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A proposal for developing tools to make energy-efficient solar panels and lighting sources available to a wide market, at a low cost, has won a prestigious award from the Royal Society.
Plastic electronics innovation wins top prize
London, UK | Posted on March 1st, 2007
The winning team from Imperial College London, led by Professor Donal Bradley New Window, received the Royal Society's annual GBP 250,000 Brian Mercer Award for Innovation in the field of nanotechnology, given for the best proposal to develop a nanotechnology concept into a commercial opportunity.
Professor Bradley and his colleagues received the award for their plans to commercially develop two production processes for plastic electronics. Plastic electronics uses novel organic, carbon-based semiconductors, instead of the traditional silicon, gallium arsenide and related inorganic materials. These new organic semiconductors combine solubility, allowing solution coating and printing to be used in the fabrication of devices, and properties such as flexibility and toughness, with the key functional characteristics of traditional semiconductors.
The team believes that the development of plastic electronics can support the widespread adoption of affordable, environmentally-friendly energy generation and lighting. They are focusing on creating the next generation of solar cells and 'solid-state' light sources, motivated by the high efficiency and low-cost promise of this technology. Plastic solar cells have the potential to make affordable photovoltaic energy a reality, while solid-state lighting, in which the traditional light bulb and fluorescent tube are replaced by light emitting diodes, offers the prospect of major savings in carbon emissions.
Professor Bradley welcomed the award, saying: "It's increasingly important for scientists not only to develop sustainable energy sources and energy-efficient products, but also to find ways of making sure these innovations can be delivered to the mass market in a timely and cost effective way."
"Our bid to the Royal Society for funds from the Brian Mercer bequest reflects the importance that we place on ensuring that, wherever feasible, our scientific research translates into marketable products which can change the way businesses and individuals generate and use energy."
The team will use the GBP 250,000 award to take the next steps in developing their patented technology. One process involves a novel approach to the photolithographic patterning technique commonly used in the production of standard microelectronic circuits, in which light is used to create a spatial pattern in a light-sensitive layer of photoresist material that is subsequently used as a template to pattern the underlying semiconductor. Previous attempts to use photolithography with organic semiconductors have been largely unsuccessful and have created serious difficulties for device manufacture. The team's new 'interlayer lithography' technique offers a means to apply the photolithographic method in an effective way to the patterning of organic semiconductor devices.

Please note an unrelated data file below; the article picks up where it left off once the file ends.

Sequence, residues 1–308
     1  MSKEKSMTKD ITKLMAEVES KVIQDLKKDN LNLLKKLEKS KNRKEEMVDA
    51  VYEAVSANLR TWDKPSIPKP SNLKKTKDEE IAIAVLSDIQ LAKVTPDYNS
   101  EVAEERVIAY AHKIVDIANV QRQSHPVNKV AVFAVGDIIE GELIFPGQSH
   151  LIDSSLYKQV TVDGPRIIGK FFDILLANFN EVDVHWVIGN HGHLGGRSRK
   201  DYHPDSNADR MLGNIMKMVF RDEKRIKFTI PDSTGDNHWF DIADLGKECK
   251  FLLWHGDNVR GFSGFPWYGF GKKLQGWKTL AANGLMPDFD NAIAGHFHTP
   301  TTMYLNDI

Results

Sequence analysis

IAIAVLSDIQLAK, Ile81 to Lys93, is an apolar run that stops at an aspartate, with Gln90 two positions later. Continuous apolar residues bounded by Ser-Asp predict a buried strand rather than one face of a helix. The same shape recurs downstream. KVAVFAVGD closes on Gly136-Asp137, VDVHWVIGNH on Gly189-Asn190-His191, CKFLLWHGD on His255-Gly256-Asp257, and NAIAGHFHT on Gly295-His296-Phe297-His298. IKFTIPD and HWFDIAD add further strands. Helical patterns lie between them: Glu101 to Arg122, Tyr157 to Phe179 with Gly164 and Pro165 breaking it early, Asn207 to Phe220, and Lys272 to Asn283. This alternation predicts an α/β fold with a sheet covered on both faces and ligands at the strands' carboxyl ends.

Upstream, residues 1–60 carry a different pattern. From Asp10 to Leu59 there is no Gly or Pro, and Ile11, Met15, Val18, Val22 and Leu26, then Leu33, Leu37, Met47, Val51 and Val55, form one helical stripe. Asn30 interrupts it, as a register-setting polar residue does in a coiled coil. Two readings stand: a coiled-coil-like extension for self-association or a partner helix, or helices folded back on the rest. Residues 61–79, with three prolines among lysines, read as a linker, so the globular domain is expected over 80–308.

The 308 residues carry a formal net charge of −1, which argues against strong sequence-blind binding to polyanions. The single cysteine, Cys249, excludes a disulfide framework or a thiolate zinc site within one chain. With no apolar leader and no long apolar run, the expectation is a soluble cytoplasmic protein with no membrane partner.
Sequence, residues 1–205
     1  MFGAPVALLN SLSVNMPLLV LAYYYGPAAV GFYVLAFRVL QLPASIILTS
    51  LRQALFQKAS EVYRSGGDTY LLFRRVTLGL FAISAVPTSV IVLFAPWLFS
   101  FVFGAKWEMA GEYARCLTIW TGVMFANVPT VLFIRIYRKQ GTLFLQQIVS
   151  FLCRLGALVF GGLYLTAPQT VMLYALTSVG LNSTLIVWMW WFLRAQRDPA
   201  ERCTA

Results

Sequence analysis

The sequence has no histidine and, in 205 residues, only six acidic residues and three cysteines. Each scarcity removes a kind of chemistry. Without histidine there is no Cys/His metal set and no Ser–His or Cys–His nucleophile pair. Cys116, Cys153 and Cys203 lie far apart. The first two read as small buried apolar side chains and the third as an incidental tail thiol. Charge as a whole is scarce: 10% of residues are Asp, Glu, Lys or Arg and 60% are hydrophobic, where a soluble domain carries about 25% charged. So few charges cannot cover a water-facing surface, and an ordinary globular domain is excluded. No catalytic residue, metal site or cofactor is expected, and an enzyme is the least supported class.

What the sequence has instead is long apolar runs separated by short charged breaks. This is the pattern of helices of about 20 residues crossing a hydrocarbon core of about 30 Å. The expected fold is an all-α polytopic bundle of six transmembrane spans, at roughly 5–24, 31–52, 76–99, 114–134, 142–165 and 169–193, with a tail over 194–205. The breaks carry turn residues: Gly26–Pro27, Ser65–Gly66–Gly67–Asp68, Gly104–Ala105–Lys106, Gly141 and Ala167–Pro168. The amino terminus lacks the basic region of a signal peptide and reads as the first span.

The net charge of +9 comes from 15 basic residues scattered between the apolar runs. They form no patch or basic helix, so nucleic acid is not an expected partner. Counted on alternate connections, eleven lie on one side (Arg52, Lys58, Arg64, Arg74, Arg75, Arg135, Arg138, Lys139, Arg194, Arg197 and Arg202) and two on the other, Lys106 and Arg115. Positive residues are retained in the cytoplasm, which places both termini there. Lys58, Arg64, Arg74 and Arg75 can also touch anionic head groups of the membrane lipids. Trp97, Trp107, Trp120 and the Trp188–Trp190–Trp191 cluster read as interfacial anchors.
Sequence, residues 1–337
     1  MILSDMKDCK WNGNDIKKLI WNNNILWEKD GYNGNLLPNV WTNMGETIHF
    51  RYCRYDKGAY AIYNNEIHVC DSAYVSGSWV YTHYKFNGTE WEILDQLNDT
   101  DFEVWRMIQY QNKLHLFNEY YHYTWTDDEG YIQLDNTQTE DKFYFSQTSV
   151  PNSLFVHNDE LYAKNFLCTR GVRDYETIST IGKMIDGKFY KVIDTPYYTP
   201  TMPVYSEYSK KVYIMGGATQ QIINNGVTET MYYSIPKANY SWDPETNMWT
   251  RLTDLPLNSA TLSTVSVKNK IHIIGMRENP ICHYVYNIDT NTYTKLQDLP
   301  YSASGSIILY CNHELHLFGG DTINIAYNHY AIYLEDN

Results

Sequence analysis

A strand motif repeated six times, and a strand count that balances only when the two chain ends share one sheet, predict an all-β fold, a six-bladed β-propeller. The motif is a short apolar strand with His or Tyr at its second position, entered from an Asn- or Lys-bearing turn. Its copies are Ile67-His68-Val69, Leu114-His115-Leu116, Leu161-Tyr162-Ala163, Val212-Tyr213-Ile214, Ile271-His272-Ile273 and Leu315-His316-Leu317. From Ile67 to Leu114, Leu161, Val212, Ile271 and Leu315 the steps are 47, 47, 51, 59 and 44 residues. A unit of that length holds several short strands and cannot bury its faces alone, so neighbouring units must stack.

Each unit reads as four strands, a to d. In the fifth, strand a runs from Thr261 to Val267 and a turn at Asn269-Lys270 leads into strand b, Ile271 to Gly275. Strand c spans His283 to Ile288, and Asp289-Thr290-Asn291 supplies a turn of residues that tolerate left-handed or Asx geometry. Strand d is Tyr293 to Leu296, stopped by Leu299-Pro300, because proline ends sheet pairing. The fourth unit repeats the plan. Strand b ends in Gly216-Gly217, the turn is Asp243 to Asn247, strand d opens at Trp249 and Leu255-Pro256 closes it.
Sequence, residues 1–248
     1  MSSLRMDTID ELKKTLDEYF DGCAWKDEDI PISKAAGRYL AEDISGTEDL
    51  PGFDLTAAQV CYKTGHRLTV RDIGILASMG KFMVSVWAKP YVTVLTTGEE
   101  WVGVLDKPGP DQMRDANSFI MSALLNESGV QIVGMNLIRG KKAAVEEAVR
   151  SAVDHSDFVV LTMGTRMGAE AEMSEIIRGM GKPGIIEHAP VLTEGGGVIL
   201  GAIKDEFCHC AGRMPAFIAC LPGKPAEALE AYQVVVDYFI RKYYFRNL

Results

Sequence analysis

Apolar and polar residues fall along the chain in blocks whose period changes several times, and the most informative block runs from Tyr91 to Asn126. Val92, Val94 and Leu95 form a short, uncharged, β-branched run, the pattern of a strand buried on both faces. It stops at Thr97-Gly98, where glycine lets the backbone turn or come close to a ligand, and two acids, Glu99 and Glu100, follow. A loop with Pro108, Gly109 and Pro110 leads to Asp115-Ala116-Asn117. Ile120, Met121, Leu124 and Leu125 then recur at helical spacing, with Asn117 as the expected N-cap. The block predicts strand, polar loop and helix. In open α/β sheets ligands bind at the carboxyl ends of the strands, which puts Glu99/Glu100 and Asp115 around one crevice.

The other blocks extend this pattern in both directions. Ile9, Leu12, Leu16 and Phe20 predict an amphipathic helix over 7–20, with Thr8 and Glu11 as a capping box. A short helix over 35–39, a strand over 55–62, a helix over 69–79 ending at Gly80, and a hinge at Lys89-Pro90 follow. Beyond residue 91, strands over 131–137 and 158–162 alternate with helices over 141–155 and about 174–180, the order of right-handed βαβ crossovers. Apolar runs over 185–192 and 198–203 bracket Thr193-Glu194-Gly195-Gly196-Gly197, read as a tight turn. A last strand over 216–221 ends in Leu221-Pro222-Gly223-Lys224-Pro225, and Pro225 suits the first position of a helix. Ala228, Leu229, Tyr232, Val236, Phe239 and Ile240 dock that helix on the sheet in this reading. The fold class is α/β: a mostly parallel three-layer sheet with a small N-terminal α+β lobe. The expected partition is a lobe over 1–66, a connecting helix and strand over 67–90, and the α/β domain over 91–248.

The team's second technique, invented in conjunction with Dr Patrick Degenaar New Window of Imperial's Institute for Bioengineering and arising from a Research Councils UK Basic Technology project on reverse engineering the human visual system, is a stamp-based process. This technique enables the scientists to successfully transfer fragile layers of organic semiconductor onto a variety of substrate materials, including sheets of glass or plastic, in order to build up a device structure.
The award was presented to Professor Bradley at the Royal Society's 'From Labs to Riches' event which encourages innovation in science and technology, and promotes real world application of the resulting ideas. Also present at the event were Dr John De Mello New Window (Department of Chemistry) and Omar Cheema New Window (Imperial Innovations) who, together with Dr Jingsong Huang (Molecular Vision Ltd) and Dr Lichun Chen (Department of Physics), make up the team.
Key aspects of the team's winning proposal include assessing the ultimate resolution and fidelity of the two fabrication processes and testing their suitability for high-throughput manufacturing.
About Imperial College London
Rated as the world's ninth best university in the 2006 Times Higher Education Supplement University Rankings, Imperial College London is a science-based institution with a reputation for excellence in teaching and research that attracts 11,500 students and 6,000 staff of the highest international quality.
Innovative research at the College explores the interface between science, medicine, engineering and management and delivers practical solutions that improve quality of life and the environment - underpinned by a dynamic enterprise culture.
With 62 Fellows of the Royal Society among our current academic staff and distinguished past members of the College including 14 Nobel Laureates and two Fields Medallists, Imperial's contribution to society has been immense. Inventions and innovations include the discovery of penicillin, the development of holography and the foundations of fibre optics. This commitment to the application of our research for the benefit of all continues today with current focuses including interdisciplinary collaborations to tackle climate change and mathematical modelling to predict and control the spread of infectious diseases.
The College's 100 years of living science will be celebrated throughout 2007 with a range of events to mark the Centenary of the signing of Imperial's founding charter on 8 July 1907.
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Danielle Reeves, Imperial College London Press Office,
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